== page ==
Supergranules over the solar cycle
Laboratoire d'Astrophysique de l'Observatoire de Grenoble, Université Joseph Fourier, CNRS, BP 43, 38041 Grenoble Cedex, France e-mail: email@example.com
2 Laboratoire d'Astrophysique de Toulouse-Tarbes, Université de Toulouse, CNRS, 57 avenue d'Azereix, 65000 Tarbes, France e-mail: firstname.lastname@example.org
3 Laboratoire d'Astrophysique de Toulouse-Tarbes, Université de Toulouse, CNRS, 14 avenue Édouard Belin, 31400 Toulouse, France e-mail: email@example.com
Accepted: 17 June 2008
Context. The origin of supergranulation has not been understood yet. Contradictory results have been obtained in the past concerning the relation between supergranule properties (mostly cell size) and the solar cycle.
Aims. We propose to study the variation in supergranule cell sizes and velocity fields over the solar cycle, as well as the intensity variation inside supergranules.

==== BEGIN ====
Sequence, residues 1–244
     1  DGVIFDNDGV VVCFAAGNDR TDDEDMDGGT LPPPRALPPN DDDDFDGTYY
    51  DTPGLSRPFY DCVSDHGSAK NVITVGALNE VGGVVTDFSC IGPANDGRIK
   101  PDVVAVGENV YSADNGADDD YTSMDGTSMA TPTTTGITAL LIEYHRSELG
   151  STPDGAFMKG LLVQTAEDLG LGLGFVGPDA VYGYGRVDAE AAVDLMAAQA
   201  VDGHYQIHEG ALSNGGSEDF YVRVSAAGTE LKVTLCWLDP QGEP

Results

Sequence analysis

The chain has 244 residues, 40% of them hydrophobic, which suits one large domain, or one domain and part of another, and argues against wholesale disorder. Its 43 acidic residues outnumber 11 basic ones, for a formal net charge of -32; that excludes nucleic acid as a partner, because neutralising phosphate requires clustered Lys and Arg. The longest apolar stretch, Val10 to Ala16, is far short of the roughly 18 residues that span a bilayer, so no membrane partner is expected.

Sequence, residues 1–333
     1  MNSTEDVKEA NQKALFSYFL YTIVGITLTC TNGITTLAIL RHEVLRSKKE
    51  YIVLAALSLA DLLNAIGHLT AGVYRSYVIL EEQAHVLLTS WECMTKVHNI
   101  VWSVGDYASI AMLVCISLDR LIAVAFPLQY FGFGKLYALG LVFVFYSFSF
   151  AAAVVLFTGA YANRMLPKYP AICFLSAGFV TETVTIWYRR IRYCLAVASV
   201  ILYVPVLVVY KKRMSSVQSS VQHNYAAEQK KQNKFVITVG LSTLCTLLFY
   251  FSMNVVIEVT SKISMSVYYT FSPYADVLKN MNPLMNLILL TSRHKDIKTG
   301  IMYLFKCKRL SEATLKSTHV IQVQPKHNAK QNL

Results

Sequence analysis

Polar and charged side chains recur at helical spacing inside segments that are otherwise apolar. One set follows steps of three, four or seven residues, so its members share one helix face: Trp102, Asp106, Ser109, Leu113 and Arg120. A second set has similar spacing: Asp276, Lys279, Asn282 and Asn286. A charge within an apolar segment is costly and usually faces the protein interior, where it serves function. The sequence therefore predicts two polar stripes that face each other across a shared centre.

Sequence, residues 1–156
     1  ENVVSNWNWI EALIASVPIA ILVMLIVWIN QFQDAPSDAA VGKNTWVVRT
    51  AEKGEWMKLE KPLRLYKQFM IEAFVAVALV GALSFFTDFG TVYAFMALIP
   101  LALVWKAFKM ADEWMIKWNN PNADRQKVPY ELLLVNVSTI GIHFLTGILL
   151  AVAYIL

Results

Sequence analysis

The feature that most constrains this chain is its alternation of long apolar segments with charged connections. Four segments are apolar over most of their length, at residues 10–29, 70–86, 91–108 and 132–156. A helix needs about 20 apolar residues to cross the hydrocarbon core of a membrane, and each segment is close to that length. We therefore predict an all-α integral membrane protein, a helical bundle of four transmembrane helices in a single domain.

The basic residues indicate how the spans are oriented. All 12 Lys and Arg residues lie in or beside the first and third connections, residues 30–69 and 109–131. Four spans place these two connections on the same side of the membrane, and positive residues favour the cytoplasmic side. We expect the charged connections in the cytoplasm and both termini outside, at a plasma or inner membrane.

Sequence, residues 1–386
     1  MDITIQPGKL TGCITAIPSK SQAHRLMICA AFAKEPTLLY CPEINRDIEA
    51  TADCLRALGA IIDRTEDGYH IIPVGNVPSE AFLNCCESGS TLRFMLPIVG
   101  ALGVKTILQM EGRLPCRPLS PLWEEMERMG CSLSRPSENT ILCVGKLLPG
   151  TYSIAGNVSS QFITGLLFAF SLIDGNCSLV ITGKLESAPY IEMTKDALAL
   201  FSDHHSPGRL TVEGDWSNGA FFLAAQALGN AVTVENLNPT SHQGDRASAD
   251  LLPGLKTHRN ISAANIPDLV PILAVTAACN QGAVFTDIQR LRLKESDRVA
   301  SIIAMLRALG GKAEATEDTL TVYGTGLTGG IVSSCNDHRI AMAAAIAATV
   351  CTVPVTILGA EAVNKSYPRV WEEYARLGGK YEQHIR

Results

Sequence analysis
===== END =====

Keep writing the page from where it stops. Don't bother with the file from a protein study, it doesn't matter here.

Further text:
Methods. We define supergranule cells from maps of horizontal velocity field divergences. The flow fields are derived from MDI/SOHO intensity maps. The intensity variation in supergranules are compared to the variation inside granules resulting from a numerical simulation. The variation in these profiles with the cell size and over the solar cycle is also analysed.
Results. We find that cell sizes are smaller on average at cycle maximum. We also find that the slope between Log (Vrms) and Log (R) is weakly correlated with the spot number (i.e. the global activity level) but anti-correlated with the local magnetic field. We also confirm the decrease in the intensity variation from cell centre to the boundary, which puts a lower limit on the temperature variation of 0.57 ± 0.06 K. This temperature difference is of 1.03 ± 0.05 K when considering the areas of strongest divergence and strongest convergence. We observe a strong similarity in the intensity variation inside supergranules and granules. A significant variation with the cell size is observed, also similar to that in granules, but the variation over the solar cycle is not significant.
Conclusions. The sign of the variation in supergranule cell sizes over the solar cycle is in agreement with what can be expected from the influence of the magnetic field. The observed intensity variations show that a common process could be the origin of both granules and supergranules.
Key words: Sun: granulation / Sun: photosphere / Sun: activity / Sun: magnetic fields / Sun: general
© ESO, 2008